7.4.1  VRRP Tracking Interface Status

Figure 7-5  VRRP tracking interface status

Problem: VRRP cannot detect status changes on non-VRRP interfaces. When the outbound interface is faulty, VRRP cannot detect the fault, which causes service interruption.

To solve this problem, enable VRRP to track specified interfaces. A VRRP backup group can track a maximum of eight interfaces in Increase mode or Reduce mode. When the status of a tracked interface changes, the VRRP backup group is notified of the change, and then it increases or decreases the VRRP priority to trigger VRRP switchover.

As shown in Figure 7-5, Switch A and Switch B are enabled with VRRP. The priority of the VRRP backup group on Switch B is higher than the priority of the VRRP group on Switch A. Switch B tracks interfaces in Reduce mode. Switch B functions as the master device and transmits user traffic, as shown in Figure 7-5. When GE 1/0/0 of Switch B connected to the Internet is faulty, the VRRP backup group that tracks this interface in Reduce mode decreases the priority. Then, Switch A preempts to become the master device and forwards user traffic to the Internet.

7.4.2  VRRP Fast Switchover

Figure 7-6  VRRP fast switchover

Problem: Traffic loss lasts a long time after a VRRP backup group detects a link fault.

To solve this problem, enable BFD and configure VRRP to track BFD session status.

  • BFD can detect faults in milliseconds. When a fault occurs on the link between Switch A and Switch B or a remote host, the BFD session can quickly detect the fault.

  • After VRRP is configured to track the BFD session status, the BFD session can notify VRRP of link faults.

  • VRRP changes priorities of VRRP backup groups according to the status reported by the BFD session, or performs fast switchover to start the preemption process.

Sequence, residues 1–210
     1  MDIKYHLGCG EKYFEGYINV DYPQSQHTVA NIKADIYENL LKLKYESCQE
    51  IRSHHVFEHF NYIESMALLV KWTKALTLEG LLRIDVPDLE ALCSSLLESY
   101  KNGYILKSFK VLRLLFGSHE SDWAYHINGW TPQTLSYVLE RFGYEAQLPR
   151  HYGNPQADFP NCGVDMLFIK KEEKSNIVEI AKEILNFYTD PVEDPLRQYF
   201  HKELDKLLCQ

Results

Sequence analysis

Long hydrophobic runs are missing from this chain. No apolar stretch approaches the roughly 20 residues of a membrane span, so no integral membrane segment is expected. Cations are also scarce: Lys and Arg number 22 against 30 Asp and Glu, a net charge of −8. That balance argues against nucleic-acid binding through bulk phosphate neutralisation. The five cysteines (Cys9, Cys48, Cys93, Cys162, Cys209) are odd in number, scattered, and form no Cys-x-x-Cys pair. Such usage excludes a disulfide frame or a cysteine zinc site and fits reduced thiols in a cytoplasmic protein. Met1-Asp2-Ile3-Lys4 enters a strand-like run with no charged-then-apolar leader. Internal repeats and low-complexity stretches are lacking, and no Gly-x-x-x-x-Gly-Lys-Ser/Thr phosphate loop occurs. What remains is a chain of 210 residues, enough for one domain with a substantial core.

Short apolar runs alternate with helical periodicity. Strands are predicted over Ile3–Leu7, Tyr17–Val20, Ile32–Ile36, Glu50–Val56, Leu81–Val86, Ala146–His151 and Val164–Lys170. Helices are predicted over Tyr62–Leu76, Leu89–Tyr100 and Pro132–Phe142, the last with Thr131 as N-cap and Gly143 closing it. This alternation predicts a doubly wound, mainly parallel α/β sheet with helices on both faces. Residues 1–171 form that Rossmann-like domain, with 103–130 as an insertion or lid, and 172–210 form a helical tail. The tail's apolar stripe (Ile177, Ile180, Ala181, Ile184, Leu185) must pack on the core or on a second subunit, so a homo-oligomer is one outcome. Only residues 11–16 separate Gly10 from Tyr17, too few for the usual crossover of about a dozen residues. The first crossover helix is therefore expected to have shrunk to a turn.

• A VRRP backup group can track a maximum of eight BFD sessions.

  • A VRRP master/backup switchover can be performed within 200 ms by tracking BFD session status.

As shown in Figure 7-6, VRRP is enabled on Switch A and Switch B. In the VRRP backup group, Switch A functions as the master device and forwards user traffic, and Switch B functions as the backup device. A BFD session is established between Switch A and Switch B. The VRRP backup group tracks the BFD session status to implement fast VRRP switchover. When the BFD session detects a link fault between Switch A and Switch, a Down event is sent to VRRP. Then the priority of Switch B is increased and becomes higher than the priority of Switch A. As a result, a VRRP master/backup switchover occurs. Switch B becomes the master device and subsequent user traffic is forwarded through Switch B.

7.4.3  mVRRP

Figure 7-7  Typical mVRRP networking diagram

Problem: A large number of VRRP packets are transmitted, wasting bandwidth and CPU resources.

To solve this problem, configure mVRRP.

  • An mVRRP backup group and multiple ordinary VRRP backup groups are set up on NPE 1 and NPE 2. The ordinary VRRP backup groups are bound to the mVRRP backup group and function as service VRRP backup groups.

  • The UPE does not sense the mVRRP backup group and service VRRP backup groups.

As shown in Figure 7-7, when an mVRRP backup group on NPE 1 changes from the Master state to the Backup or Initialize state, the mVRRP backup group requests all its bound service VRRP backup groups to change their state to Backup. In this case, the mVRRP backup group on NPE 2 changes from the Backup state to the Master state, and all service VRRP backup groups bound to it also change their status to Master. When the mVRRP backup group and the service backup groups change to the Master state, they broadcast gratuitous ARP packets to switch user traffic to the new master backup groups.

7.5  Terms and Abbreviations

Abbreviations

Abbreviation

Full Spelling

VRRP

Virtual Router Redundancy Protocol

ARP

Address Resolution Protocol

BFD

Bidirectional Forwarding Detection

L2VPN

Layer 2 virtual private network

PW

Pseudo Wire

VSI

Virtual Switching Instance

QinQ

802.1Q in 802.1Q

ME

Metro Ethernet

mVRRP

Management Virtual Router Redundancy Protocol

mVPLS

Management Virtual Private LAN Service

mVSI

Management Virtual Switching Instance